The real issue is all the lies. And the whiners are correct in whining because they are not (usually) saying they are somehow better people who would have taken a better decision, they are whining that they once supported this company on the basis of the lies it said, and feel like they have been backstabbed.

There is also another problem - Facebook's scummy behavior seems to actually have no end in sight, with employees now hilariously patting themselves in the back and giving themselves good grades with "Remember, what Facebook is doing has never been done before. There are going to be mistakes." [1]. By that measure, should we start throwing the CEO of big tech companies into prison for "massive and systematic privacy invasion". So what if it hasn't been "done before"? Maybe its a mistake to jail them, but that's just a small price for trying new ideas that haven't been "done before".

I think the whiners are not whining loudly enough.

[1] https://news.ycombinator.com/item?id=19321420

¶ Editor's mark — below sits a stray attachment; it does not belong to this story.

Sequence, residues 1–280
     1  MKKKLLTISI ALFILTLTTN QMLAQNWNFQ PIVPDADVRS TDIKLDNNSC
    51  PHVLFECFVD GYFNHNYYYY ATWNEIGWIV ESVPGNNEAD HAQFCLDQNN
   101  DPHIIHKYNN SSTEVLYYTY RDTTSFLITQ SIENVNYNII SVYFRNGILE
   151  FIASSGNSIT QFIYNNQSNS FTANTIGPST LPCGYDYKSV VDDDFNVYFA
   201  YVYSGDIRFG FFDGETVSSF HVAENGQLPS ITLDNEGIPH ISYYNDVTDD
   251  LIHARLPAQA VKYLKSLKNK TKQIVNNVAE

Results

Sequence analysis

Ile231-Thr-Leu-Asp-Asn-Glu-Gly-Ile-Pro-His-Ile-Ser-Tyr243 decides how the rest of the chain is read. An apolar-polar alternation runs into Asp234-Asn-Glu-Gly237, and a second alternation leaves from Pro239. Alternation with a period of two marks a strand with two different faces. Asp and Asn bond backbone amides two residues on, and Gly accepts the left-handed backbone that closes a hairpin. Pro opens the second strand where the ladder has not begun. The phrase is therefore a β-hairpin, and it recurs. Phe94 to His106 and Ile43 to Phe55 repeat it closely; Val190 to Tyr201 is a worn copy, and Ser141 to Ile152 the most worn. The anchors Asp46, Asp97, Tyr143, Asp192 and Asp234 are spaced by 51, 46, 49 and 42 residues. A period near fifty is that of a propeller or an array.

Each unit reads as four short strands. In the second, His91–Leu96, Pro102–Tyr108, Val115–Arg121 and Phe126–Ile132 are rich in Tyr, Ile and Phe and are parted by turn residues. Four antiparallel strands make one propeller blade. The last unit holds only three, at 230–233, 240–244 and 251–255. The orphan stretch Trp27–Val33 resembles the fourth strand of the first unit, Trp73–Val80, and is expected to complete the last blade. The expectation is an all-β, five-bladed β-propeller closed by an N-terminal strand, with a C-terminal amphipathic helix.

Maybe Facebook assured him that they wouldn't destroy its privacy. And maybe he believed them.

Or maybe he realized that the design was fscked. And so figured that he'd take the money, and do it right.

Edit: It seems that he had no choice, as imgabe notes.


> Maybe Facebook assured him that they wouldn't destroy its privacy

It would be odd/irresponsible if they valued "assurances" in any way (that weren't legally binding)


Not millions, BILLIONS. The gulf between the two is wide. If you could count 1 number every second you could count to a million in ~30 days. It would take you 30 years to count to a billion.

You mean billions, but yes I agree

It's a weird choice of voice, I reckon. In German, the English word "Billion" translates to "Milliarde", and the English word "Trillion" translates to "Billione".

So, in my head, millions feels closer to billions than billions does. It's weird.


> I had 50 employees, and I had to think about them and the money they would make from this sale.

You know if you just scale up the numbers above, Mark could justify what he's doing the same way Acton justifies his actions yet somehow Acton thinks there's a difference. You just have to laugh at that.